Chemical exposure linked to sperm defects, says US study

29 December 2011

Exposure to certain organochloride chemicals was associated with chromosomal abnormalities in the sperm, results of a cross-sectional US study showed. There was a significant trend of increasing incidence rate ratios (IRR) for increasing quartiles of exposure to dichlorodiphenyldichloroethylene (p,p’-DDE) for XX (P<0.001 for trend), XY (P=0.001), and total sex chromosome disomy (P<0.001), according to Melissa Perry, ScD, MHS, from George Washington University in Washington, and colleagues.

For polychlorinated biphenyls (PCB), there was a significant trend of increasing IRRs for increasing quartiles of exposure for XY (P<0.001 for trend) and total chromosome disomy (P<0.001), they reported in Environmental Health Perspectives. However, there was an inverse relationship with the XX disomy (P<0.001).

“PCBs and p,p’-DDE are persistent, lipophilic, endocrine-disrupting organochlorines that readily penetrate the blood-testis barrier,” the authors stated.

A subset of 192 men was drawn from another study of environmental impacts on semen. The samples were collected from men ages 20 to 54 who underwent infertility evaluation at the Massachusetts General Hospital Fertility Center between January 2000 and May 2003. Subjects were eligible if they had a sperm sample for fluorescence in situ hybridization (FISH) analysis. Non-fasting blood samples were analyzed for 57 individual PCB congeners and p,p’-DDE.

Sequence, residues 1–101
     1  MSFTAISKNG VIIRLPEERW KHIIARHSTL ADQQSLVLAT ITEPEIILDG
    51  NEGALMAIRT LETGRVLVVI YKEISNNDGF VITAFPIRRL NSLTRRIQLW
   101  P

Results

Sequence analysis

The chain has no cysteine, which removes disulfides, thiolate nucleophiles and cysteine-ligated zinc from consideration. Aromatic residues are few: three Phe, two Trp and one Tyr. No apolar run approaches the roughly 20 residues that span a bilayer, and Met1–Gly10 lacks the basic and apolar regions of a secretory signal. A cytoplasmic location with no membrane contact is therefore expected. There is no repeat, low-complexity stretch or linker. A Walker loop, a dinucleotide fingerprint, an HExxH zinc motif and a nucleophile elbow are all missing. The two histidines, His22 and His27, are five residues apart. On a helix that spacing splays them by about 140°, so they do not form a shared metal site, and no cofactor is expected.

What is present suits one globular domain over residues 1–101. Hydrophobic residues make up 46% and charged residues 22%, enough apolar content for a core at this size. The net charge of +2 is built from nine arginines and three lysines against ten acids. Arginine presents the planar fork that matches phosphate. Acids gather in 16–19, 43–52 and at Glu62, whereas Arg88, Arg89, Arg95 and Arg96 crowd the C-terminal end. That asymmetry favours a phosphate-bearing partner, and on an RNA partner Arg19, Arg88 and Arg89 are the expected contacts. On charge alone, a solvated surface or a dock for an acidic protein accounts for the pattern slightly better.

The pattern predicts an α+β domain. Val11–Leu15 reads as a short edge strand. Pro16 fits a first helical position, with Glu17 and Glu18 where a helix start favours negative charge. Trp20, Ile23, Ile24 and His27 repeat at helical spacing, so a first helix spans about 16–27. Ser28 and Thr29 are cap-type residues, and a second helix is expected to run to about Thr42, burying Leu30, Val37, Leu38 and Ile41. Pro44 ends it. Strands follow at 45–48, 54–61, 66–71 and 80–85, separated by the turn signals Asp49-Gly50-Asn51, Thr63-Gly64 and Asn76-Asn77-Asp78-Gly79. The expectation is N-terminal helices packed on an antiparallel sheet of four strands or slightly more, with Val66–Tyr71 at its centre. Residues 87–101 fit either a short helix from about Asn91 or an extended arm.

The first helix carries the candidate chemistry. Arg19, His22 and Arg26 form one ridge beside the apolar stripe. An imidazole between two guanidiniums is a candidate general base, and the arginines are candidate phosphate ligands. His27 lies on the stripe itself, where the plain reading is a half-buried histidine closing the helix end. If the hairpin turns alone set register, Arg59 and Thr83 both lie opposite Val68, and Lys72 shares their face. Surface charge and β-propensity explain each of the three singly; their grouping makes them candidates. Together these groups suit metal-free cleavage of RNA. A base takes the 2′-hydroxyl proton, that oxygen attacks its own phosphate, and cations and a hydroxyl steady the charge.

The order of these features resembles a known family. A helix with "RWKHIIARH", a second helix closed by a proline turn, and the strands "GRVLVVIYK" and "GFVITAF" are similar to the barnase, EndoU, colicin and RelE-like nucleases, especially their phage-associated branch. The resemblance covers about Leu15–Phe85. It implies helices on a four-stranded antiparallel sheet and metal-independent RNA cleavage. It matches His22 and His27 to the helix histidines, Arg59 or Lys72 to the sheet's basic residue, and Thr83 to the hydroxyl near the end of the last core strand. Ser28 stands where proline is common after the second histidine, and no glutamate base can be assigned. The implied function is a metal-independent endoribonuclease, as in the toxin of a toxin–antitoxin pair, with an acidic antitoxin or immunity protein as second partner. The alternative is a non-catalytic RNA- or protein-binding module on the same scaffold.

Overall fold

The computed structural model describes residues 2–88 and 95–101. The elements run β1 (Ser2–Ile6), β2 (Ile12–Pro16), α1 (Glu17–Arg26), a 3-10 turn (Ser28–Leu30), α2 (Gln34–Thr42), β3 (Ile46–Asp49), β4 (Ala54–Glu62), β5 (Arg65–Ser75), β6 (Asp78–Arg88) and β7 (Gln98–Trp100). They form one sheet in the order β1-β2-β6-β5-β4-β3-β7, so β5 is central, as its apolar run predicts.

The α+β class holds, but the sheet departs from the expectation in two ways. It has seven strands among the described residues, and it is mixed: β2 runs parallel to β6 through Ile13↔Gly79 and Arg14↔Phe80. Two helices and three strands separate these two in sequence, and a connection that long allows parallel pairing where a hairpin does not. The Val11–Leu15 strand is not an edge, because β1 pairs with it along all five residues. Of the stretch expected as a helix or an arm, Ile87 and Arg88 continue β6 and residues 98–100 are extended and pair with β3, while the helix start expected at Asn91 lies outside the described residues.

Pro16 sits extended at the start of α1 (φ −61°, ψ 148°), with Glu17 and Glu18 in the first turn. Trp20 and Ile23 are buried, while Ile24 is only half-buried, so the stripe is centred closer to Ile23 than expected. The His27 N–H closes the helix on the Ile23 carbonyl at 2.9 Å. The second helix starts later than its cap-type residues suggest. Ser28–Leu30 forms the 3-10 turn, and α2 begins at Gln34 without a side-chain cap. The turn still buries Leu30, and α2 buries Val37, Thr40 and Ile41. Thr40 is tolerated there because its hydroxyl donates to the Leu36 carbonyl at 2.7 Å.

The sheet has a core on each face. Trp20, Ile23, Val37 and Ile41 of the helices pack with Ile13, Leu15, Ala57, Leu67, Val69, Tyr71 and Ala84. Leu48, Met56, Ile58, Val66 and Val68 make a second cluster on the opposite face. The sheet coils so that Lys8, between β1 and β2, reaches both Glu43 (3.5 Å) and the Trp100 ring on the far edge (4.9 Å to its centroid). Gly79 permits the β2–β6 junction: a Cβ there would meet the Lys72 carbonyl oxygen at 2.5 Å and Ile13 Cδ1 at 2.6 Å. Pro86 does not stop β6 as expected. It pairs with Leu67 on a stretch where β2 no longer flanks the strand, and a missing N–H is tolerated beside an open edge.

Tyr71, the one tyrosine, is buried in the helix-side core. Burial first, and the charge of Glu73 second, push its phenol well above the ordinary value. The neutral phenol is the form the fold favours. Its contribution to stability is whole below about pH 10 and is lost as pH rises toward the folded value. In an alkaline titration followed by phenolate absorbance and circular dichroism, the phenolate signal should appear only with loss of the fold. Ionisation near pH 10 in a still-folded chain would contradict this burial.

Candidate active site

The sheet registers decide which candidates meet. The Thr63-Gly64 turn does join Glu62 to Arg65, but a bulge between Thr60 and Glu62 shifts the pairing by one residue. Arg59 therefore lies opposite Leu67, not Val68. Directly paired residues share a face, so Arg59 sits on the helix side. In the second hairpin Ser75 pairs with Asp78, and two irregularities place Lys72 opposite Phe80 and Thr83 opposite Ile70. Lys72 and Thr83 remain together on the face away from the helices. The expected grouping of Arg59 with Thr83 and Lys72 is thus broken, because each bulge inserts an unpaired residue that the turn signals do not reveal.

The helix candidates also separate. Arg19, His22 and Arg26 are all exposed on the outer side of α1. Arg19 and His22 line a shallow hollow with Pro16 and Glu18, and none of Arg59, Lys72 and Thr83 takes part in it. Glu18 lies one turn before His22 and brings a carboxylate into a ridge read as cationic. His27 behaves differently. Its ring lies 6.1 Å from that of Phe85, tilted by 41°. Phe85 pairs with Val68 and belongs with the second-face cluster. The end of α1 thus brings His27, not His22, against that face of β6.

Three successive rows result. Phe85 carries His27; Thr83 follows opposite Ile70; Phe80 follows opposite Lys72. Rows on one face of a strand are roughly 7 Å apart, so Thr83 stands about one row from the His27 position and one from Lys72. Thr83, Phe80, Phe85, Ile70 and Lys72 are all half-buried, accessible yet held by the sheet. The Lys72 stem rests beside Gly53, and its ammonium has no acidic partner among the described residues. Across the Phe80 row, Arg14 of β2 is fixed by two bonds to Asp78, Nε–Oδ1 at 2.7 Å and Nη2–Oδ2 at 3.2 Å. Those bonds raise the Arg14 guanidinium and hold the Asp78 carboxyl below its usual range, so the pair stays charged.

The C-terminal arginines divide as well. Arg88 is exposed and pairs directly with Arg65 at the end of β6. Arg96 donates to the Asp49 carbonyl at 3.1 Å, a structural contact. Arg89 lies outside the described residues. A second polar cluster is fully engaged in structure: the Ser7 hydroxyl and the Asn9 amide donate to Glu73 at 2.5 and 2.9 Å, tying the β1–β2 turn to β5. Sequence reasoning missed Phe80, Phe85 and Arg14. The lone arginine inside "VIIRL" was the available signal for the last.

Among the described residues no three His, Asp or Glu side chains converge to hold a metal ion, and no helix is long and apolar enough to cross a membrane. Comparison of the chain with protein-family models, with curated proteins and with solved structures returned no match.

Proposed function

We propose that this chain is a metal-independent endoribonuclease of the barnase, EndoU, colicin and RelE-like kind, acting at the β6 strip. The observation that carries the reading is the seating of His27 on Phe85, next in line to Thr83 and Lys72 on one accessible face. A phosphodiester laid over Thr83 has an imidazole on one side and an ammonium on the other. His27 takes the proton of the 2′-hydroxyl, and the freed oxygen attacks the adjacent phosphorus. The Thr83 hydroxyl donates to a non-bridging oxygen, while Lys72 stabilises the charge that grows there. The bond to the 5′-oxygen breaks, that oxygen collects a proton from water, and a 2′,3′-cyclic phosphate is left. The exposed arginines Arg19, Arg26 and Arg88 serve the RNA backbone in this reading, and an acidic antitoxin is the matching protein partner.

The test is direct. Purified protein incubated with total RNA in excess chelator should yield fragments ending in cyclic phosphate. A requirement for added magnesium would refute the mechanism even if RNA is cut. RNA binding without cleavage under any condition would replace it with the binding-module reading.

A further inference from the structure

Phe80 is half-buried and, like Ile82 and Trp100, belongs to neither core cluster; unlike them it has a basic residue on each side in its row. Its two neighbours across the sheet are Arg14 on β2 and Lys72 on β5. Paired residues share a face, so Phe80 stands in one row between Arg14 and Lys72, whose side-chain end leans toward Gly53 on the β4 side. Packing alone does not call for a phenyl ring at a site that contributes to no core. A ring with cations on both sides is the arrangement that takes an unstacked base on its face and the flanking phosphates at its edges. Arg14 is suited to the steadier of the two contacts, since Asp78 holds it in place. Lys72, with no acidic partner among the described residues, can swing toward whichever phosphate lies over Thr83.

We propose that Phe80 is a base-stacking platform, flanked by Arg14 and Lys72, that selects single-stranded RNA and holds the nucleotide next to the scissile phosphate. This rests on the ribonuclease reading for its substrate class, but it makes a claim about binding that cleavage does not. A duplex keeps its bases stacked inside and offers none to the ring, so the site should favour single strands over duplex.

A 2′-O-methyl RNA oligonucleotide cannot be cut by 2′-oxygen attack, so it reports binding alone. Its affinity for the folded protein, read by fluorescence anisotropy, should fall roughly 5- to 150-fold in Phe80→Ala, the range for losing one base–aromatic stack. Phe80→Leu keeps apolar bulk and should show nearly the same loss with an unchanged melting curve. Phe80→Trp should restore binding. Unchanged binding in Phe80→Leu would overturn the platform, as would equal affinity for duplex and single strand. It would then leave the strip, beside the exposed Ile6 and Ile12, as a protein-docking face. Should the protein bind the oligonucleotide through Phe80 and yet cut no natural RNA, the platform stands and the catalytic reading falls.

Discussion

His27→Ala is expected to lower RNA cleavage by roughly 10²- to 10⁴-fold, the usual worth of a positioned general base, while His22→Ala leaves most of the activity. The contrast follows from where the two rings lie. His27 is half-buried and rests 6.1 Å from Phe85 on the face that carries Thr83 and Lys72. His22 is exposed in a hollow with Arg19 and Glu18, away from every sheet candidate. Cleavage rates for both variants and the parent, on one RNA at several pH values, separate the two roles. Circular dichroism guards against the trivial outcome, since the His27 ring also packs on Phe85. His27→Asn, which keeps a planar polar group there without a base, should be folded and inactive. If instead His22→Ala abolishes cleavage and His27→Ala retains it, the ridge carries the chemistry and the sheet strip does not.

A single investigator performed FISH, sperm imaging, and nuclei scoring. FISH was carried out for chromosomes X and Y. Chromosome 18 was also evaluated as an autosomal control.

The authors noted that although chromosomal abnormalities are major contributors to reproductive problems, few studies have looked at the role of environmental risk factors. They designed their study to look for linkages between the frequency of sperm sex chromosome aneuploidy and PCBs or p,p’-DDE exposures.

When the researchers evaluated p,p’-DDE exposure, the dose-response curve was non-linear with the most increase in disomy happening between the first and second quartiles. There were no substantial additional increases seen across the remaining quartiles.

There were similar findings when PCBs were evaluated. Again, the largest changes were between the first and second quartiles with some consistent increases across subsequent quartiles.
Men in this study were members of sub fertile couples seeking infertility evaluation and may differ from men in the general population, the authors cautioned.

However, the researchers pointed out that there is currently no evidence to indicate that men differ in ways that might alter their response to the chemicals being investigated, so the results may apply to general population samples.

The authors also pointed out that karotyping was not routinely performed, so the prevalence of other underlying reproductive conditions in their clinic sample was not known.

“The results of our study suggest that men with higher serum p,p’-DDE levels have significant increases in the rates of XX, XY, and total sex chromosome disomy,” they wrote. “Men with higher serum levels of PCBs had significant increases in the rates of YY, XY, and total sex chromosome disomy. In contrast, there was a significant decrease in the rate of XX disomy for higher serum levels of PCB.”

Source: M. McAuliffe, et al., “Environmental exposure to polychlorinated biphenyls and p,p’-DDE and sperm sex chromosome disomy,” Environmental Health Perspectives  2011; DOI: 10.1289/ehp.1104017.